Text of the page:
Deputies, advisers strive to make a difference
Updated: 2016-03-17 08:10
By Zhang Zhouxiang(China Daily)
Although I was assigned to cover this year's two sessions, I was not interested in the grand meeting at first.
Deputies discuss the annual national budget involving trillions of yuan, and I am only a humble wage earner. What has that to do with me?
My first trip was to the hotels where delegations from Henan province and the Guangxi Zhuang autonomous region were staying. I arrived early along with the delegations to get familiar with them.
That trip changed my mind about the two sessions.
As I stood in the hall of a hotel, I happened to recognize a deputy, Li Guangyu, head of the Affiliated High School of Peking University, Henan branch. We talked a little while and the topic turned to what advice or motion he would offer this year.
"Educational equality," he said. "Only 7.5 percent of Henan high school graduates enroll at key universities. The percentage is 24 for Beijing and Tianjin and 22 for Shanghai. I'm always proposing giving Henan students more opportunities, and this year I will continue."
Born and raised in Henan myself, I could not agree more. Thirteen years after graduating from high school, I still often have nightmares about the days before taking the gaokao, the national college entrance exam. The number of college applicants from Henan was highest in the nation, yet the chance of admission ranked much lower.
Had I made a habit of sleeping earlier over the years, I might not have been part of China Daily today.
That afternoon, I also interviewed college presidents, a judge from a local court and a doctor who has been practicing medicine in a village for 49 years. Their motions and proposals varied, but they had one thing in common: they were practical. One college president called for fair education; the judge hoped to strengthen labor protection; the village doctor proposed to provide better medical conditions for rural regions to protect people's health.
On the late subway traveling home, I suddenly realized that the two sessions were not so far away from me as I had reckoned. Being elected from among the people, deputies are ordinary people, too, and they face the same everyday problems as everyone else. They care about ordinary people's daily lives, and it's their job to express real needs to the top powers of the State.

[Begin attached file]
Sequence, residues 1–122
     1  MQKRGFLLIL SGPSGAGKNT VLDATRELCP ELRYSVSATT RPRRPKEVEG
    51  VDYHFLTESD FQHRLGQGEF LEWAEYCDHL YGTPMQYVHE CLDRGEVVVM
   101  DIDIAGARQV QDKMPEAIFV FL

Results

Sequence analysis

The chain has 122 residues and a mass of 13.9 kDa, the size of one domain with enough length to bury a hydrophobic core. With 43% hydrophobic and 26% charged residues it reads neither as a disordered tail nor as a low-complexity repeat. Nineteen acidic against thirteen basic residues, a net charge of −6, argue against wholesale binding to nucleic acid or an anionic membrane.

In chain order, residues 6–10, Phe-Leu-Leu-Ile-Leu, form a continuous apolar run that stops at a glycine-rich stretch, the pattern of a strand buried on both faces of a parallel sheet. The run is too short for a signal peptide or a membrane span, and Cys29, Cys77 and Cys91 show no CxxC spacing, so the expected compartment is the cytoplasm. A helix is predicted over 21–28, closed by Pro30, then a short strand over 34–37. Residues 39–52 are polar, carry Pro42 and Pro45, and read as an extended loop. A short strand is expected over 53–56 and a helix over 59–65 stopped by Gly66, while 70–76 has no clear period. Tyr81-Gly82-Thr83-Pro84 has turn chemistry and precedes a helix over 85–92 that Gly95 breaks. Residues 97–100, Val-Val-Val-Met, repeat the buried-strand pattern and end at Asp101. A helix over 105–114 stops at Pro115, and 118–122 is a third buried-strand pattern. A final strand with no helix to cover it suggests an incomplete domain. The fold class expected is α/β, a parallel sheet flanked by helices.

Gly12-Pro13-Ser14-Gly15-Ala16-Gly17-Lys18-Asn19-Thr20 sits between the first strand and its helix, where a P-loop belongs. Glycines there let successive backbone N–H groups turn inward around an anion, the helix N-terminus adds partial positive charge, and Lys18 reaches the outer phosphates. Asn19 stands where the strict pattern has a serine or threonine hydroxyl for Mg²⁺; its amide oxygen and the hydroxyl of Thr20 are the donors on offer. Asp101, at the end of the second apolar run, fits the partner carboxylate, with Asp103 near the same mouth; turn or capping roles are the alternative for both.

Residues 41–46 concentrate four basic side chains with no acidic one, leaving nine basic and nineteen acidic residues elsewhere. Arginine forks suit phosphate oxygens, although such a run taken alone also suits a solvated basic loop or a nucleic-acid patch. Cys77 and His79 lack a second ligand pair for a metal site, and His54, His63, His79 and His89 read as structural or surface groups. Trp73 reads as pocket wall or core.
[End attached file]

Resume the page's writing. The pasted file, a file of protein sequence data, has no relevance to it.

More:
Actually, the State has long been promoting ordinary people's lives. In his 2016 Government Work Report, Premier Li Keqiang many times mentioned people's livelihoods, and he got applause for that. Among the measures already taken, simplifying administrative approval procedures will help people open shops more easily, while construction of affordable housing will make more people's dreams of living in their own homes come true. Insurance against major diseases will help prevent the tragedy of families being driven into poverty because of the high cost of healthcare.
Proposals and advice from NPC deputies and members of the CPPCC National Committee also touch our daily lives. As my first articles about Henan won positive feedback, I decided to cover the two sessions from the angle of ordinary people's lives. Yes, ordinary people's lives should be, and are, the primary concern of the supreme political power of the nation.
To accomplish my goal, I carefully studied materials I could collect about each of the deputies, looking for clues leading to people's lives.
Among the deputies I interviewed, some proposed to construct more roads for regions with large minority populations, while some advised widening channels for technical laborers nationwide. Each of the deputies, driven by concern for people's livelihoods, was willing to sit down and share his or her concerns with a journalist.
As I arrived at the office in the evening, my editor was still there.
"How are the days at the two sessions?" he asked. "Did you get bored?"
I replied with a smile. "Next year, please give me the opportunity again."
Contact the writer at firstname.lastname@example.org
(China Daily 03/17/2016 page6)